fairy houses 2015: making “Grate Hall”


Fairy House blog-1It’s been an exciting week in the fairy neighborhood! Every day, more wee domiciles are popping up around the grounds of Highfield Hall and Gardens in Falmouth, MA (Cape Cod). By the time the Fairy Houses of Highfield Hall exhibit opens this Sunday, June 28th at 1:00pm, there will be 32 fairy houses installed and ready to view. Just like the previous show in 2013, this display is sure to bring in many visitors from near and far!

Last winter I invited 30 local artists and fairy aficionados to make houses for this summer’s exhibit. Each builder started the process by walking around the property and picking their favorite spot. They spent the next few months planning and working on their creations. I haven’t been privy to any finished houses until this week, and from what I’ve seen, this year’s collection is spectacular! There’s a wide variety of interpretations of the “fairy house” concept, from cozy abodes to airy perches. Building materials are as eclectic as the pieces themselves: clay, wood, mushrooms, paper, moss, felt, plants, shells, bark, stones, glass, metal, etc. Don’t worry if you live too far to see the originals — in the coming weeks, I’ll be sharing photos on this blog, Facebook and Instagram.


The Fairy Houses of Highfield Hall and Gardens will be on display until August 31, 2015. The exhibit is free, with a suggested donation. Stop by the hall to pick up a map with house locations and artists’ names. Inside the hall you can also see my fairy family. Raffle tickets for a chance to win the 5 doll set can be purchased online here. Read a post about making the fairy family here. I hope that many of you have a chance to visit this extraordinary outdoor event!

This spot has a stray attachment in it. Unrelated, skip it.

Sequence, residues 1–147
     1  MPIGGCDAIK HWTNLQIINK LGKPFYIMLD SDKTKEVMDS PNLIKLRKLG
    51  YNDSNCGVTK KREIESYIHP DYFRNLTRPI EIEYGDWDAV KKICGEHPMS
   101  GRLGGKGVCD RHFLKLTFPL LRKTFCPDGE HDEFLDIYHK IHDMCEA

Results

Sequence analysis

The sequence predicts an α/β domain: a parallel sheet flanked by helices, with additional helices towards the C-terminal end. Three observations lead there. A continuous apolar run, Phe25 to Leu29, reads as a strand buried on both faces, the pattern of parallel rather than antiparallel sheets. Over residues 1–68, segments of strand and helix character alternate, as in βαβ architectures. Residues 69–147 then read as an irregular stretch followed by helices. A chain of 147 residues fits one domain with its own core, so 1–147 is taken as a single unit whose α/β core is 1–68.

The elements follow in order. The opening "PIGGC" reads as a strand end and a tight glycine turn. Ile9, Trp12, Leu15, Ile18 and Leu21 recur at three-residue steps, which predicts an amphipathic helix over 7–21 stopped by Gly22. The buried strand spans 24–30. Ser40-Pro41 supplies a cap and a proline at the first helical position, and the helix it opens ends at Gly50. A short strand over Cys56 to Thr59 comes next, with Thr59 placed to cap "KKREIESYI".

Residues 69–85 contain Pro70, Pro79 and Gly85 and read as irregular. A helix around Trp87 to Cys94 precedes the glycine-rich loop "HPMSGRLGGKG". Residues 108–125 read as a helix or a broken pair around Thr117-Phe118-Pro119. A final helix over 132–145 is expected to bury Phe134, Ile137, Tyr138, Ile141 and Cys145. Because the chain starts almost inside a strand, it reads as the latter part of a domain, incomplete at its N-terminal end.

Making my fairy house….
Come along, while I make my fairy house, “Great Hall”, which is pictured at the beginning of this post. It began with a bunch of old metal graters that I saved, while cleaning out deceased relatives’ kitchens. For years I’ve been eying them for a future project and thought they’d give a solid structure to a fairy house. I drilled holes and bolted 4 of them together to make walls and a roof.


Then, I used my felt covered wire technique to form a base and arched beams. This single glove was in a box of my grandmother’s things. She and her sisters did a lot of tatting in the early 1900’s, so perhaps one of them made it.


I incorporated the glove into the front wall, leaving room for a door opening and curled loops of felt covered wire.


I stitched wool tapestry yarn in a zigzag pattern to fill in some areas, while leaving some open for viewing inside the house.


FairyHouses-1-7I tried not to get too fussy, but the door required a bit more detailed work.


I worked on the house during the snowy winter — my favorite time to be engrossed in a project.


The whisk was another kitchen find that I added near the end.


I pruned some supple branches off my blueberry bushes and lashed them to the grates and wire, adding a more organic façade.


I wanted the interior to be magical, so I draped strings of glass beads and crystals from the ceiling. Tiny blue and white LED lights (run on batteries) added a glow as well.


In the daylight, it’s hard to see the lit interior, so I sprinkled small round Shisha mirrors on the ground inside to reflect the lights and make it sparkle.


still life photos around the house